And mumbles again the old blarneys and lies;
Forget Europe wholly, your veins throb with blood,
To which the dull current in hers is but mud;
Let her sneer, let her say your experiment fails,
In her voice there's a tremble e'en now while she rails,
And your shore will soon be in the nature of things
Covered thick with gilt driftwood of runaway kings,
Where alone, as it were in a Longfellow's Waif,
Her fugitive pieces will find themselves safe.
O, my friends, thank your God, if you have one, that he
"Twixt the Old World and you set the gulf of a sea,
Be strong-backed, brown-handed, upright as your pines,
By the scale of a hemisphere shape your designs,
Be true to yourselves and this new nineteenth age,
As a statue by Powers, or a picture by Page,
Plough, sail, forge, build, carve, paint, all things make

new,

To your own New-World instincts contrive to be true,
Keep your ears open wide to the Future's first call,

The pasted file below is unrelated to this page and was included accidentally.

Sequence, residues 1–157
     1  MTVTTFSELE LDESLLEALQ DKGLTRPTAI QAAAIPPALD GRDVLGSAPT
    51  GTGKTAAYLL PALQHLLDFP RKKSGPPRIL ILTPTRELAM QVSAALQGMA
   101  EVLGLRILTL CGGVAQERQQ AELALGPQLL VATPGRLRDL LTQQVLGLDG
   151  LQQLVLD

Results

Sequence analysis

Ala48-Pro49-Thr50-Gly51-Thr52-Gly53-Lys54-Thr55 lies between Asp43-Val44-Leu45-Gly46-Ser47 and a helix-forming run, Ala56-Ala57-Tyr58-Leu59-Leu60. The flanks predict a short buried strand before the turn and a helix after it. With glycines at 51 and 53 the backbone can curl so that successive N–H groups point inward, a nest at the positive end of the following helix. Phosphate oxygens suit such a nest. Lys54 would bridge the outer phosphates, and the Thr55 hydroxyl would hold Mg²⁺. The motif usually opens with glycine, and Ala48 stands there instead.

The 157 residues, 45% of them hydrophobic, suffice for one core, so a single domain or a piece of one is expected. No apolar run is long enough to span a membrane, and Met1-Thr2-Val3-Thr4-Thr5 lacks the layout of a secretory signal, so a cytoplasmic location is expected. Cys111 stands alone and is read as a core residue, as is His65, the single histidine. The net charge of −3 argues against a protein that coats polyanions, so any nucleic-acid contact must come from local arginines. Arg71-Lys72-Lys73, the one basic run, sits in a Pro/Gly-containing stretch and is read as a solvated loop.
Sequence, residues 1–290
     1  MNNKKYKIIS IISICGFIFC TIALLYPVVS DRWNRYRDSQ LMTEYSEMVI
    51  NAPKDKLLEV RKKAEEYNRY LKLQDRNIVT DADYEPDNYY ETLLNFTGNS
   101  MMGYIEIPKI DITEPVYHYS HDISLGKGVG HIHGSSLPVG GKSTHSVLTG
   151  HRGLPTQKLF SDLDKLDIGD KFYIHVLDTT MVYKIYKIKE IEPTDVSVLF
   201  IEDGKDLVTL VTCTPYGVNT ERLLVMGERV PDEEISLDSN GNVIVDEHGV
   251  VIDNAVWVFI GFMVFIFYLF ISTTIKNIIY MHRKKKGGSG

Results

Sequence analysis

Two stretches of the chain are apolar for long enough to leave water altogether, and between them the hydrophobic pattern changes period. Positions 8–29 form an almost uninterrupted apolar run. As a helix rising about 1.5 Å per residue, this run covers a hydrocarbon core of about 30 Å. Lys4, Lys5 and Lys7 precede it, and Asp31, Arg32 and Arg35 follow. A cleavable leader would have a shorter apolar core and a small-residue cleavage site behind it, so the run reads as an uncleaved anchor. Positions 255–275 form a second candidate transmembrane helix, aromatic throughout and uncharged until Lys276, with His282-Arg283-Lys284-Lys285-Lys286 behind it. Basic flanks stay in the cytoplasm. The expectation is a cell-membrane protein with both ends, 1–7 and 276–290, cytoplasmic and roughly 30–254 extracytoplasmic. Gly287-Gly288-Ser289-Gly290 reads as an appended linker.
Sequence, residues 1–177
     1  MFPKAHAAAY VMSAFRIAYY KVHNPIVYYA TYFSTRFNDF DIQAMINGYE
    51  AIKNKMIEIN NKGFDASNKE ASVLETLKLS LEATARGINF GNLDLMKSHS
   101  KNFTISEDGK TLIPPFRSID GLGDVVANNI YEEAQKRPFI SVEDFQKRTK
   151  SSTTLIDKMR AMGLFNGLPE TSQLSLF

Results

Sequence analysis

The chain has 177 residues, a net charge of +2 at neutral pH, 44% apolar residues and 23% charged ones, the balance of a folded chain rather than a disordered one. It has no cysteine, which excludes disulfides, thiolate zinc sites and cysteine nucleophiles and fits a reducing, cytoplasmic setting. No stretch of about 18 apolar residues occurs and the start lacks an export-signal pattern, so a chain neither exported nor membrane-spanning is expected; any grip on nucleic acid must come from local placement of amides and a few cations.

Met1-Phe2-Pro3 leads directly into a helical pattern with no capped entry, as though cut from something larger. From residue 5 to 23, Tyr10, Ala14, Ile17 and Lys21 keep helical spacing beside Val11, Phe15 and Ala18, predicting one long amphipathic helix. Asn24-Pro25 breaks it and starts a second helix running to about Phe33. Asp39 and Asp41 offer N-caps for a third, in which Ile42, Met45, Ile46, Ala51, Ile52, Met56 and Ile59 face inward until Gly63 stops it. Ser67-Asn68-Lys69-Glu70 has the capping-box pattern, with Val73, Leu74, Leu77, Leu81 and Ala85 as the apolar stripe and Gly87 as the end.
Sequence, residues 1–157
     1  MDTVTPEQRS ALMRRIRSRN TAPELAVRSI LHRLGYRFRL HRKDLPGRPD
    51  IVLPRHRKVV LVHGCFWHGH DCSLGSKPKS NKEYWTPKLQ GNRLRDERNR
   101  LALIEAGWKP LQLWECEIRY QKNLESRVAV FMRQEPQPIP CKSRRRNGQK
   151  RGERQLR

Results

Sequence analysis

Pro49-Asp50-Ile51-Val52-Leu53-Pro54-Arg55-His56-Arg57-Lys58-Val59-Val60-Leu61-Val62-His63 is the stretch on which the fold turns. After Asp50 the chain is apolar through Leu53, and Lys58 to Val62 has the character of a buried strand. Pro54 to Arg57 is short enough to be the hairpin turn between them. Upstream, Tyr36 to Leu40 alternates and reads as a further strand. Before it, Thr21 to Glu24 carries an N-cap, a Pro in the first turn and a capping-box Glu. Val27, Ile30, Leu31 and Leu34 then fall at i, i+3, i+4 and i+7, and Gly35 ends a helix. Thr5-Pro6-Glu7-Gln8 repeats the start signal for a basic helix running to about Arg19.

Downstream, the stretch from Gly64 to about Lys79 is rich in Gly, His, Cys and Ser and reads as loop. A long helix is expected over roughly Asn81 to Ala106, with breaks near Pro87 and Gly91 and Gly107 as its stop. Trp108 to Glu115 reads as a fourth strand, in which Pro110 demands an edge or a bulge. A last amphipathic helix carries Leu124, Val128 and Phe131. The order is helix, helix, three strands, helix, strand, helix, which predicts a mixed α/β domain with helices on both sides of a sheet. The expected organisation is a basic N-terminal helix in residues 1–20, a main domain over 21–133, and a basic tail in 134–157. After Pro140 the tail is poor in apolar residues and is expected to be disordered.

Be whatever you will, but yourselves first of all,
Stand fronting the dawn on Toil's heaven-scaling peaks,
And become my new race of more practical Greeks. -
Hem! your likeness at present, I shudder to tell o't,
Is that you have your slaves, and the Greek had his helot."

Here a gentleman present, who had in his attic More pepper than brains, shrieked-"The man's a fanatic, I'm a capital tailor with warm tar and feathers, And will make him a suit that'll serve in all weathers; But we'll argue the point first, I'm willing to reason 't, Palaver before condemnation 's but decent,

So, through my humble person, Humanity begs
Of the friends of true freedom a loan of bad eggs."
But Apollo let one such a look of his show forth
As when ήϊε νύκτι ἐοικώς, and so forth,

And the gentleman somehow slunk out of the way,
But, as he was going, gained courage to say,
"At slavery in the abstract my whole soul rebels,
I am as strongly opposed to 't as any one else."

66

Ay, no doubt, but whenever I've happened to meet With a wrong or a crime, it is always concrete," Answered Phoebus severely; then turning to us, "The mistake of such fellows as just made the fuss Is only in taking a great busy nation For a part of their pitiful cotton-plantation. — But there comes Miranda, Zeus! where shall I flee to? She has such a penchant for bothering me too! She always keeps asking if I don't observe a Particular likeness 'twixt her and Minerva; She tells me my efforts in verse are quite clever; She's been travelling now, and will be worse than ever; One would think, though, a sharp-sighted noter she'd be Of all that's worth mentioning over the sea,